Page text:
Take care of the problems now, or else you'll just have to suffer again later when you scew everything up the next time. And that repetition of suffering - that's hell. Moving out of that endless repetition to a new level of understand - there's where you'll find heaven.
Traveling is the great true love of my life... I am loyal and constant in my love of travel. I feel about travel the way a happy new mother feels about her impossible, colicky, restless newborn baby - I just don't care what it puts me through. Because I adore it. Because it's mine. Because it looks exactly like me.
Here in America, marriage still has a mystical, intangible power: It is a passport to adulthood and respectability and to a certain extent citizenship. Any relationship less than "married" is considered temporary and not worthy of honor.
There's no reason to keep a piece of furniture in your house that is so sacred and rare that you can't put your feet up on it and a dog can't jump up on it. Likewise, a book that sits on a shelf like a piece of porcelain, only to be admired, never to be read again, is a dead book.
We search for happiness everywhere, but we are like Tolstoy's fabled beggar who spent his life sitting on a pot of gold, under him the whole time. Your treasure--your perfection--is within you already. But to claim it, you must leave the buy commotion of the mind and abandon the desires of the ego and enter into the silence of the heart.
What profound reward you must glean from studying the world so closely....Too many people turn away from small wonders, I find. There is so much more potency to be found in detail than generalities, but most souls cannot train themselves to sit still for it.
Learning how to discipline your speech is a way of preventing your energies from spilling out of you through the rupture of your mouth, exhausting you and filling the world with words, words, words instead of serenity, peace and bliss.
Il bel far niente means 'the beauty of doing nothing'... [it] has always been a cherished Italian ideal. The beauty of doing nothing is the goal of all your work, the final accomplishment for which you are most highly congratulated. The more exquisitely and delightfully you can do nothing, the higher your life's achievement. You don't necessarily need to be rich in order to experience this, either.
The resting place of the mind is the heart. The only thing the mind hears all day is clanging bells and noise and argument, and all it wants is quietude. The only place the mind will ever find peace is inside the silence of the heart. That's where you need to go.
At that moment of realization (that union with God is always present), that's when God let me go, let me slide through His fingers with this last compassionate, unspoken message:You may return here once you have fully come to understand that you are always here.
But I was always coming here. I thought about one of my favorite Sufi poems, which says that God long ago drew a circle in the sand exactly around the spot where you are standing right now. I was never not coming here. This was never not going to happen.
So this was the Ashram's final joke on me? Once I had learned to accept my loud, chatty, social nature and fully embrace my inner Key Hostess - only then could I become The Quiet Girl in the Back of the Temple, after all?
The search for contentment is, therefore, not merely a self-preserving and self-benefiting act, but also a generous gift to the world. You cease being an obstacle, not only to yourself but to anyone else. Only then are you free to serve and enjoy other people.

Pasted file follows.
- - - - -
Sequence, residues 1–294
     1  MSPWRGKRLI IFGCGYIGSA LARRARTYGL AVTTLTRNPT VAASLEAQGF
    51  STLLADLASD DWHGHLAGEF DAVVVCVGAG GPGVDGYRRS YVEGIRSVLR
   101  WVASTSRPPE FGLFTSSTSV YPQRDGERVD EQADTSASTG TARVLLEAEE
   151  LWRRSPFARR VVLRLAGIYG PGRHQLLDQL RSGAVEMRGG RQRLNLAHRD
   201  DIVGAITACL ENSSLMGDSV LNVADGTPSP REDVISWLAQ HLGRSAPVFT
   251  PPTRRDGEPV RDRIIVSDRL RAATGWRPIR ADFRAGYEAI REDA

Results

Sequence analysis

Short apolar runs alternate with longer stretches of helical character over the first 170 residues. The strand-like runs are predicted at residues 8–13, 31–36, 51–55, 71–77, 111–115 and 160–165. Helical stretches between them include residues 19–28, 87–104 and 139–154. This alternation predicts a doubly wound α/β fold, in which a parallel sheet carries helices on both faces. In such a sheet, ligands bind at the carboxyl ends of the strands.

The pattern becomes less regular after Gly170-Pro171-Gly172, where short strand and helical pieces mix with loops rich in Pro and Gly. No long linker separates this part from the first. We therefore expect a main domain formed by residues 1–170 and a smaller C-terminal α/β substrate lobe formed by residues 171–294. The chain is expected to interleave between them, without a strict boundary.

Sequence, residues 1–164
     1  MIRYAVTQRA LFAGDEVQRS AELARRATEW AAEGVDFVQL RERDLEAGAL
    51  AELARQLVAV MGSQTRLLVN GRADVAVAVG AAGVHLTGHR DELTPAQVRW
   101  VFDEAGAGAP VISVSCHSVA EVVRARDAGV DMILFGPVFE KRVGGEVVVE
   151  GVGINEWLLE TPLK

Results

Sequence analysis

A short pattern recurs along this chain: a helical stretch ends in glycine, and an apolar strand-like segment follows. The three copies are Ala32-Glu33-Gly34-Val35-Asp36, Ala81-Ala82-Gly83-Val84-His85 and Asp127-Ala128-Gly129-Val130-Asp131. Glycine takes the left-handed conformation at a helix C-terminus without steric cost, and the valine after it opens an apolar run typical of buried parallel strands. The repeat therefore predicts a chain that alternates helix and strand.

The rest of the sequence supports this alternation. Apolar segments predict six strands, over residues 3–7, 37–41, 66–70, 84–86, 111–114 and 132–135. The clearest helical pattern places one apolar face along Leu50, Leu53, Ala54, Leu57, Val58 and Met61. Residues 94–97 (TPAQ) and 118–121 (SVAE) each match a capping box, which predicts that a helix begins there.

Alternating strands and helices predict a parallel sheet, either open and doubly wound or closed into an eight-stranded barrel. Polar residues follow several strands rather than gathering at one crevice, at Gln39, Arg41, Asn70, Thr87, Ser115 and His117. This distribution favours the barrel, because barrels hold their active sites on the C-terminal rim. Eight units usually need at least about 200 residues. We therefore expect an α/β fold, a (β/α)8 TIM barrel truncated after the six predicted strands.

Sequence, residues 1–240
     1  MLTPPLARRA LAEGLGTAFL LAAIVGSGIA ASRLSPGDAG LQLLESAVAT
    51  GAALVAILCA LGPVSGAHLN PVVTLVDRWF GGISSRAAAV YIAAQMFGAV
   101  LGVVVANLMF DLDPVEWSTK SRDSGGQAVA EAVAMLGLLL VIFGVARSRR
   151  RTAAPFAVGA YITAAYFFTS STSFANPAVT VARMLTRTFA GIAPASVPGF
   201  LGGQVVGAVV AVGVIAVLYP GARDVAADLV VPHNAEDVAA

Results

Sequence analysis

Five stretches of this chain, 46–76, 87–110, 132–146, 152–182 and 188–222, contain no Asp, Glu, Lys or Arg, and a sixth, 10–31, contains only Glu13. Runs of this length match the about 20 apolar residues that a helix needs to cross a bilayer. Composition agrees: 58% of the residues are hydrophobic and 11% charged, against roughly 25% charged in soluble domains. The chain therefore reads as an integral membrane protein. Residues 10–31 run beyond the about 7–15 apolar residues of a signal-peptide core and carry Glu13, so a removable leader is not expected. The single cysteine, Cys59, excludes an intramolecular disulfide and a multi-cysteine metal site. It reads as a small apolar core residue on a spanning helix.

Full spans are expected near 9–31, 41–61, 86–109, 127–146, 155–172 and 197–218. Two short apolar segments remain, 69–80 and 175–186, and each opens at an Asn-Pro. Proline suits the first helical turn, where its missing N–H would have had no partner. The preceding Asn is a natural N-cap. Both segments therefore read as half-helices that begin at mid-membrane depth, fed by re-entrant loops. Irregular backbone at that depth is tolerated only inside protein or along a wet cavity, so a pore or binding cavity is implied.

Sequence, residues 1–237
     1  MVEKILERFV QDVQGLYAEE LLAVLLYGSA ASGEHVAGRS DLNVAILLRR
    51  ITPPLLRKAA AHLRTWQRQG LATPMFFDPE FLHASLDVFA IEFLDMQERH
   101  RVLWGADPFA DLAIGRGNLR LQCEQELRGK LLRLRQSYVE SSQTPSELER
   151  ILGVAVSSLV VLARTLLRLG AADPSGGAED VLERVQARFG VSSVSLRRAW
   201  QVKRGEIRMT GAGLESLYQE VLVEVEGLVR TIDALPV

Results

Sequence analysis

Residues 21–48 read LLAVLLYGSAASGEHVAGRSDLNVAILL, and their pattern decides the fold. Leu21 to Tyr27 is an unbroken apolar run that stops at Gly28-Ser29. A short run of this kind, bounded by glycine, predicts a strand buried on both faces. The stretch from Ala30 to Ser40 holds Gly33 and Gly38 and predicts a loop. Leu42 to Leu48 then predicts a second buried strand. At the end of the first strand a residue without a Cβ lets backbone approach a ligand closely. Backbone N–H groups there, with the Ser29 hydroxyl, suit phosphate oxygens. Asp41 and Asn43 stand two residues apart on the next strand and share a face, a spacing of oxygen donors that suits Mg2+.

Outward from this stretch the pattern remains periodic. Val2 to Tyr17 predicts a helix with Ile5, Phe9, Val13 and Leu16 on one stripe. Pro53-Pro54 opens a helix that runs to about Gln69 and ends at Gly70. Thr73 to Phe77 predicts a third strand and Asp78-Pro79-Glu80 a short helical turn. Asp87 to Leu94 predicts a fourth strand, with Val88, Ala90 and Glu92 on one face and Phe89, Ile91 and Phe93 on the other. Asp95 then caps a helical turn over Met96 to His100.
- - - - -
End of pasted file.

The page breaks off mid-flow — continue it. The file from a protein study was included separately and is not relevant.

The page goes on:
Ketut, why is life all crazy like this?" I asked my medicine man the next day...So what can we do about the craziness of the world?"Nothing." Ketut laughed, but with a dose of kindness. "This is nature of world. This is destiny. Worry about your craziness only-make you in peace.
With each reunion (we) had to learn each other all over again. There was always that nervous moment at the airport when I would stand there waiting for him to arrive, wondering, Will I still know him? Will he still know me?
How do the survivors of terminated relationships ever endure the pain of unfinished business? From that place of meditation, I found the answer - you can finish the business yourself, from withing yourself. It's not only possible, it's essential.
The ingredients of both darkness and light are equally present in all of us,...The madness of this planet is largely a result of the human being's difficulty in coming to viruous balance with himself.
I met an old lady once, almost a hundred years old, and she told me, 'There are only two questions that human beings have ever fought over, all through history. How much do you love me? And Who's in charge?
I have never felt the need to invent a world beyond this world, for this world has always seemed large and beautiful enough for me. I have wondered why it is not large and beautiful enough for others.
I asked, "You mean, you might as well spend your life going upward, through the happy places, since heaven and hell - the destinations - are the same thing anyway?""Same - same," he said. "Same in end, so better to be happy on journey."I said, "So, if heaven is love, then hell is...""Love, too," he said.
All I could say was, "I don't know what to do." I remember her taking me by the shoulders and looking me in the eye with a calm smile and saying simply, "Tell the truth, tell the truth, tell the truth.
Yet what keeps me from dissolving right now into a complete fairy-tale shimmer is this solid truth, a truth which has veritably built my bones over the last few years--I was not rescued by a prince; I was the administrator of my own rescue.
People tend to think that happiness is a stroke of luck, something that will descend like fine weather if you're fortunate. But happiness is the result of personal effort. You fight for it, strive for it, insist upon it, and sometimes even travel around the world looking for it. You have to participate relentlessly.